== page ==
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I have program that is written in python3.6 and now I wanted to re-write it in c++ to make it faster. Before doing so, I decided to make a small test to get a inference on how much speed will I gain. The program makes a lot of http request so I decided to test for http request speed. But I was really surprised by the results because python was faster c++ in each request by the average of ~50ms(sometimes ~100msand sometimes ~10ms) and I didn't understand why.

here is my c++ code:

#include "swish/swish.h"
#include <chrono>


int main() {

  swish::Client httpclient = swish::Client();
  std::chrono::milliseconds since = std::chrono::duration_cast< std::chrono::milliseconds >(std::chrono::system_clock::now().time_since_epoch());
  std::pair<swish::Response<swish::ResponseHeaderBuffer>, swish::StatusCode> resp = httpclient.Get("https://api.btcturk.com/api/v2/ticker");
  std::chrono::milliseconds now = std::chrono::duration_cast< std::chrono::milliseconds >(std::chrono::system_clock::now().time_since_epoch());
  std::cout << now.count() - since.count() << std::endl;

  return 0;
}

I am using this swish http client library(which is just curl wrapper. Here is the library repo) to make the request and compiling it with the command clang++ testcpp.cpp -std=c++17 -o test -lcurl -O3.

And here is my Python code:

import time
import requests

current_milli_time = lambda: int(round(time.time() * 1000))


if __name__ == "__main__":
    since = current_milli_time()
    res = requests.get('https://api.btcturk.com/api/v2/ticker')
    now = current_milli_time()
    print(now - since)

Is it because most of those milliseconds because of waiting for response so it is completely network related? but python is faster each time. I tried 20~30 times with different interval. Or is it because python code for this library is really optimized??

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    When dealing with any kind of I/O (especially networked I/O) then the actual I/O is by a far wide margin what's going to be slow. The code invoking the I/O is one or more magnitudes quicker no matter what language you're using. Instead think about what you're going to do with the data you fetch, and what language and API's you're most comfortable with. In the end, programmer time is often more expensive than computer run-time, especially if the program run-time is counted in seconds rather than hours. Jun 9, 2020 at 8:21
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    Under the hood, the CPython standard interpretor is written in C language. So a Python script cannot be faster than the equivalent C (or C++) code. But as soon as additional libraries are involved they can matter. Here your tests let think that the Python request library is more optimized (or does less things...) than the C++ swish one. An interesting point is whether they wait for full reception of the response for the server. Python standard urllib.request library does not and returns as soon as the headers are available. So you may be comparing different things. Jun 9, 2020 at 8:28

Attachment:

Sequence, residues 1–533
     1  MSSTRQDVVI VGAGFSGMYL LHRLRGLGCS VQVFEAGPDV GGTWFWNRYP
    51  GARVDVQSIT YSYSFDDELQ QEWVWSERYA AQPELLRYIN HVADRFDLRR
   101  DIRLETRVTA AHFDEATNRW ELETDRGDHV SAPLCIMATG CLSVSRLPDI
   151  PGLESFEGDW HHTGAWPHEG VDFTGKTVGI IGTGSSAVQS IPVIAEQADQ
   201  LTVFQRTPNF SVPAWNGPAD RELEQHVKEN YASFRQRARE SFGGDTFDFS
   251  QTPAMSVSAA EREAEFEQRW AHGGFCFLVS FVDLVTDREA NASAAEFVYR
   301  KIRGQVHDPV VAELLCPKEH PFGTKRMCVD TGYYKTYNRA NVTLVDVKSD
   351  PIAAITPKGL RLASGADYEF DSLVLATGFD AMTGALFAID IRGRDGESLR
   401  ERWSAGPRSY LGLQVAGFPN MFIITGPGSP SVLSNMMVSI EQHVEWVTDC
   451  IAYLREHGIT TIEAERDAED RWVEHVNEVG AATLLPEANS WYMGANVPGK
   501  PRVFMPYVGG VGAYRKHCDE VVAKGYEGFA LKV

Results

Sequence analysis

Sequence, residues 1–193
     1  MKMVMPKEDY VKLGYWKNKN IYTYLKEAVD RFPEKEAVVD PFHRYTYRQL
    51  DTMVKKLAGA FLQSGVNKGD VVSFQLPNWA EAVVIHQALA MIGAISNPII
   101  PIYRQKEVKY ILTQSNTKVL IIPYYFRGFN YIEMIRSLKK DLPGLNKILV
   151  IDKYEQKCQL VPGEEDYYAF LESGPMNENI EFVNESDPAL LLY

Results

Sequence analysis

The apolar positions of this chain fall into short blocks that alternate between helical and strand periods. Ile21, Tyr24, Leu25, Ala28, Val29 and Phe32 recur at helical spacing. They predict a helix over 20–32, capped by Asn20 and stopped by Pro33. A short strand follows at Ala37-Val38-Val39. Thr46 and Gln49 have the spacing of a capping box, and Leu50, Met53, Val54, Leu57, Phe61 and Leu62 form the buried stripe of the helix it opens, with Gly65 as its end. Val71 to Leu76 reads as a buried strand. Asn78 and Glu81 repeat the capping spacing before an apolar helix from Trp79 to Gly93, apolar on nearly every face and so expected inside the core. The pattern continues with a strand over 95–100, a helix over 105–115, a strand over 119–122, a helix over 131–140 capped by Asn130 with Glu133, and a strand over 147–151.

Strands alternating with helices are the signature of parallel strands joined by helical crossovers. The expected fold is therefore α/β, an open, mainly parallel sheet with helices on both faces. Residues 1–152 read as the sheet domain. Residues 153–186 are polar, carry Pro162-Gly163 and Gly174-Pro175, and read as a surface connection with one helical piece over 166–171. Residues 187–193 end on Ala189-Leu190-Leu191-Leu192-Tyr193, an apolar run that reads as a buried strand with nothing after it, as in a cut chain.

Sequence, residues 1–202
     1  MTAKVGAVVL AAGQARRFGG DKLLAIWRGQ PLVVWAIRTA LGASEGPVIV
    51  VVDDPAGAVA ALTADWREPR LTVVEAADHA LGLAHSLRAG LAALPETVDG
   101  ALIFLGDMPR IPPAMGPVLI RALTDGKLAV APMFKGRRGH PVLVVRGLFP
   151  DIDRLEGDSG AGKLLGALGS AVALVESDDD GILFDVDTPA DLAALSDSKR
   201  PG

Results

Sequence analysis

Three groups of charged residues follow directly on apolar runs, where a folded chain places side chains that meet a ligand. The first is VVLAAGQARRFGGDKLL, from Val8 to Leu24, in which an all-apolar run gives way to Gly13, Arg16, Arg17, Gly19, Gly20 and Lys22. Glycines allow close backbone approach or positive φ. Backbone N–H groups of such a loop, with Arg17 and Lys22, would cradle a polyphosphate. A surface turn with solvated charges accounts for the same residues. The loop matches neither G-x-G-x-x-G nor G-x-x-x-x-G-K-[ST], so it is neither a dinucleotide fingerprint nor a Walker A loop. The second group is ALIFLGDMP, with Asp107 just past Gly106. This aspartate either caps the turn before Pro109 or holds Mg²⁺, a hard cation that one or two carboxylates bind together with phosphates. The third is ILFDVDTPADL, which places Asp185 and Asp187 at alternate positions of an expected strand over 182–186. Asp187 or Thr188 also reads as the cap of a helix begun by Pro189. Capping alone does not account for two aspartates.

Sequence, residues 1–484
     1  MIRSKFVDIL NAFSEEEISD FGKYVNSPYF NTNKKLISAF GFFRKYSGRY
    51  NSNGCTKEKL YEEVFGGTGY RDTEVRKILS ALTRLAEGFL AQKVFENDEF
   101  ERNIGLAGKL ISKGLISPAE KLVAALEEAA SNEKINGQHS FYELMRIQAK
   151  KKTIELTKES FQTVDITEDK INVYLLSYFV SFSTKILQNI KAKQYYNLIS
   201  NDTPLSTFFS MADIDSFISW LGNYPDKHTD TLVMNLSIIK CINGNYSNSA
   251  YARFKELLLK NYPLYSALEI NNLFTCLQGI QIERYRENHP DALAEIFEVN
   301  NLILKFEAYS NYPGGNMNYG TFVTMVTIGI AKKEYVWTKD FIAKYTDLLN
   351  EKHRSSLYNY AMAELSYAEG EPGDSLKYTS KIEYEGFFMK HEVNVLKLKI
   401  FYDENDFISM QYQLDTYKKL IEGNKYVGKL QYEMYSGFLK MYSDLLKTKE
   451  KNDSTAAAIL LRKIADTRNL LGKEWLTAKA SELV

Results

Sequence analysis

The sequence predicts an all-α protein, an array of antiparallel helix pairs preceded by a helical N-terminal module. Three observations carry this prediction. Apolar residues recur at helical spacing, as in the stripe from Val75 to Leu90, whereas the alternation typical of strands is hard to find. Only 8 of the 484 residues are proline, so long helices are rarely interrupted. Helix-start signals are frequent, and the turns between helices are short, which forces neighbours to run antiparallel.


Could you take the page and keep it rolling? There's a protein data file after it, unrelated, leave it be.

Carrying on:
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    I seldom sent a request without donwloading the full response... Before making a partial conclusion, build a a more complete test: send the request and read the response. But as this is IO bound, I am amazed that you find very different times: most of the time should be spent in the IO part... Jun 9, 2020 at 8:49
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    This is way too network bound for it to matter language wise. Jun 9, 2020 at 9:02
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    For a program that makes lots of network requests, you'll be far better off refactoring your python so it can efficiently parallelize them, e.g. by using aiohttp or some other coroutine library. The cpu time being spent actually sending the http request will be on the order of 1 microsecond, even for the python. It's nowhere near milliseconds. Jun 9, 2020 at 9:10

1 Answer 1

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The difference may be because Python has a very optimized way of page requesting, and the swish lib/code you are using hasn't.

The network time may be the same (in fact, it should be the same), but you really can't know (unless you developed swish lib) what that library is doing. Asking for a web page in c++ can be done in several ways and no one can be compared unless you write the code for both. I would say that your method (calling swish) is not optimal (but is useful in all cases) and Python is designed for optimal "request and wait response." So in this case, Python has the advantage of having thousands users reporting feedback that allows developers to make it optimized. Swish may not have so many users, may don't have so much feedback and it isn't so optimized as Python (which calls c after all.)

If someone has doubts, there are methods to speed up things like TCP_NODELAY that can make a difference. Or just the timeouts in the select call.

When talking about network the language is not the bottleneck, it is the network. So if you aren't satisfied with your lib performance you should change the library not the language.

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